The ‘angry young men' on exhibit at Palazzo Strozzi might just have easily been called the ‘troubled young men,' for each had his share of eccentricities and issues. Mirò often resorted to anorexia for inspiration. He would lie in bed for days, without eating, sketching the shapes he saw forming on his ceiling while in a starvation-induced state of delirium. He produced his most acclaimed masterpiece, The Harlequin's Carnival, by reaching such a hallucinatory state. Dalì's eccentricity is also well known. He once attended a New York costume ball dressed as the Lindbergh baby and kidnapper. Towards the end of his life, in a move that recalls Mirò, he dehydrated himself to a near-death state, considered by many a suicide attempt but defended by the artist as a way to enter into a ‘suspended state of animation.' Picasso traded wives like stamps and spent a significant portion of the money he made on prostitutes.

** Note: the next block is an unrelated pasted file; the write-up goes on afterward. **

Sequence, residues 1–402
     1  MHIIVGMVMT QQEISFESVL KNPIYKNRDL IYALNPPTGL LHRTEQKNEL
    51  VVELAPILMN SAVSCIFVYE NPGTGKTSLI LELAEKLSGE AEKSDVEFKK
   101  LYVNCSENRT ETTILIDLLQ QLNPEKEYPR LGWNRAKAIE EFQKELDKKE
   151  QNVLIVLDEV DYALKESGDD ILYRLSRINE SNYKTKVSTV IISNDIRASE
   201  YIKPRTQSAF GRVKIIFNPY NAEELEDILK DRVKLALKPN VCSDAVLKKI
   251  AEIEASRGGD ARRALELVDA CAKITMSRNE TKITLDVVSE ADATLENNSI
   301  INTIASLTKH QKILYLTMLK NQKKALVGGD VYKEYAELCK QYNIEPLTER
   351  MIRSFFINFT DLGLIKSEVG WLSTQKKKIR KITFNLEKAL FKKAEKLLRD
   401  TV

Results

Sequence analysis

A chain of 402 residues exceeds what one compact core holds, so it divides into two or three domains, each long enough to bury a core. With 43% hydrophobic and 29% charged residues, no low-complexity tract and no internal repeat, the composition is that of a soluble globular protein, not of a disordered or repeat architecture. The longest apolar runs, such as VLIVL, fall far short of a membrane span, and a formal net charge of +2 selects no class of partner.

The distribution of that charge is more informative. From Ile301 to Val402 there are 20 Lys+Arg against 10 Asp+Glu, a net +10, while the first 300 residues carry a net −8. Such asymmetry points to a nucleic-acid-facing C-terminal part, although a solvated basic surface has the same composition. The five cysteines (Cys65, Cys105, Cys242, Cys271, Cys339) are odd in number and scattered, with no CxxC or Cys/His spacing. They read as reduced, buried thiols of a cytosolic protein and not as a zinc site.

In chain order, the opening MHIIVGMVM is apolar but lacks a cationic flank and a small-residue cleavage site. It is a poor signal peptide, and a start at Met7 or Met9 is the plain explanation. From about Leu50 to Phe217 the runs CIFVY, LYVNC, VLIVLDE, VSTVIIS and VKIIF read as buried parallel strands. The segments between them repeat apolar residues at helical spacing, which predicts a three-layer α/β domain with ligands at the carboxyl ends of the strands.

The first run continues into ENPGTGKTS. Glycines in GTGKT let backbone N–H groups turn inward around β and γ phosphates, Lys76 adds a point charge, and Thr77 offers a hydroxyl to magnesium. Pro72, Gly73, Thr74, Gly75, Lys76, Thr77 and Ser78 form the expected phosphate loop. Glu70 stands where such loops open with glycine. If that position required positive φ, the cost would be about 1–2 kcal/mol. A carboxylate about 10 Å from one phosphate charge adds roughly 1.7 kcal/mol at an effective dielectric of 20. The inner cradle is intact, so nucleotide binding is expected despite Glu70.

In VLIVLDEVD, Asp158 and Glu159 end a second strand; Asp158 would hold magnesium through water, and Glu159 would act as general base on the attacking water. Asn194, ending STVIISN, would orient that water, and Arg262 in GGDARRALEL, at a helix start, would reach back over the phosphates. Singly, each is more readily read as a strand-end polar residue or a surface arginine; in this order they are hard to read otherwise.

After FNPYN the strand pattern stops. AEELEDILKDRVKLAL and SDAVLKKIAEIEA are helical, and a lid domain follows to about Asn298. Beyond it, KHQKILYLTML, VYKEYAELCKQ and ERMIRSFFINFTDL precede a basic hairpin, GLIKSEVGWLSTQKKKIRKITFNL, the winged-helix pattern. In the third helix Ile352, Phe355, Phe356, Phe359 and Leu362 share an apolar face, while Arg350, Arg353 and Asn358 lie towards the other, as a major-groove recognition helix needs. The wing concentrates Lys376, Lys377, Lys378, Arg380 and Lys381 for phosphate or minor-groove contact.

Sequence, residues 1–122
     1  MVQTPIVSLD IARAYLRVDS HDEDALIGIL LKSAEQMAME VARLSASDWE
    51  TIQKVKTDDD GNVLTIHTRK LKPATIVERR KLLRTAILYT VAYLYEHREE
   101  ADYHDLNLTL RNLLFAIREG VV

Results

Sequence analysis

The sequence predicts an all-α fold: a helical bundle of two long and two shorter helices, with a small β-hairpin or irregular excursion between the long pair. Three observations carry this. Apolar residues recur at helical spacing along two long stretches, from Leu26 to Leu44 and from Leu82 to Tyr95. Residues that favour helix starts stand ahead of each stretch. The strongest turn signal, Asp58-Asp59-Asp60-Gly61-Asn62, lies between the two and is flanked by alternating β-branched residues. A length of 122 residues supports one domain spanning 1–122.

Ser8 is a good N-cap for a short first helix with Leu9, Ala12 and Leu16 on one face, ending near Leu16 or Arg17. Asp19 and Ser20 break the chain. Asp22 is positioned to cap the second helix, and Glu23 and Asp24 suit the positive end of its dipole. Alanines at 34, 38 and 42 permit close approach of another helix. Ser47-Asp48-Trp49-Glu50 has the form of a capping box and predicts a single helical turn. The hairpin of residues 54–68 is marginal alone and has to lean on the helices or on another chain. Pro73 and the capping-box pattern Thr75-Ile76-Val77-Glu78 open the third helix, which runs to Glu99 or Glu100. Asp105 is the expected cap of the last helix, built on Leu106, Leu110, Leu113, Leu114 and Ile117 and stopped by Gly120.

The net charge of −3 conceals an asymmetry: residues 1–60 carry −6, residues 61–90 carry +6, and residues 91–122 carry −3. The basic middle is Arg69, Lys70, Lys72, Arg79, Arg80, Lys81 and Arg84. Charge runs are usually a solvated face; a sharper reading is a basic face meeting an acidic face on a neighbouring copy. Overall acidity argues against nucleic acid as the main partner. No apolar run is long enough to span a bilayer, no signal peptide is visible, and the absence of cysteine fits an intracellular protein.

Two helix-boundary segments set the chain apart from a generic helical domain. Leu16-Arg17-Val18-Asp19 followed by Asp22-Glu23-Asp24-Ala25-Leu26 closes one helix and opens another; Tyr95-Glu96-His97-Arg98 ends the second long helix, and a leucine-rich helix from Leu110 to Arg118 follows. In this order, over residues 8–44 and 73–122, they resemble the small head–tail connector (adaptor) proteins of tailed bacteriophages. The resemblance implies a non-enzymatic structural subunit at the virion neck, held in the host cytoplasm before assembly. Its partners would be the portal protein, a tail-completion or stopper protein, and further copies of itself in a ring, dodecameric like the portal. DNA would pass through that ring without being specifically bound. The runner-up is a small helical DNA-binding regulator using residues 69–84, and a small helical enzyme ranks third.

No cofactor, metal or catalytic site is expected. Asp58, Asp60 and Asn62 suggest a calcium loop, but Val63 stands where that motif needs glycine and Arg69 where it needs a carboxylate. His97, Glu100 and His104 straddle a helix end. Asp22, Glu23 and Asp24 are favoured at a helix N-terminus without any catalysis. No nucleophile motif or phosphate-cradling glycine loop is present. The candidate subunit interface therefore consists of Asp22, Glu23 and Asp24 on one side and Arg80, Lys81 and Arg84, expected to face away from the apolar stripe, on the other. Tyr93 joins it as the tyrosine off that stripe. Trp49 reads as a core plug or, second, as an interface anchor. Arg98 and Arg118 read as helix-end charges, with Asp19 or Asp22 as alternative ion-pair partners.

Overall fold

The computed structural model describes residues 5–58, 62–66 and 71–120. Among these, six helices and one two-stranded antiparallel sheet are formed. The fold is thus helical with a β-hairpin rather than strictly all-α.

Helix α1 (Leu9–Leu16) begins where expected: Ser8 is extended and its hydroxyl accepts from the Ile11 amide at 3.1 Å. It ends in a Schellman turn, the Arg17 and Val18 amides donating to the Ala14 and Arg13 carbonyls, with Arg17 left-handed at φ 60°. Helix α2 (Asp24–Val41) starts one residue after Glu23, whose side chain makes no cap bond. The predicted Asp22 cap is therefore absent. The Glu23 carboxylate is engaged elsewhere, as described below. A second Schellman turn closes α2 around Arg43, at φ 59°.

Centuries earlier, the Italian masters without whose work Florence would just be another romantic Tuscan town were just as eccentric, some even violent. A peek into their biographies reveals a quality of instability seemingly inseparable from the quality of their art.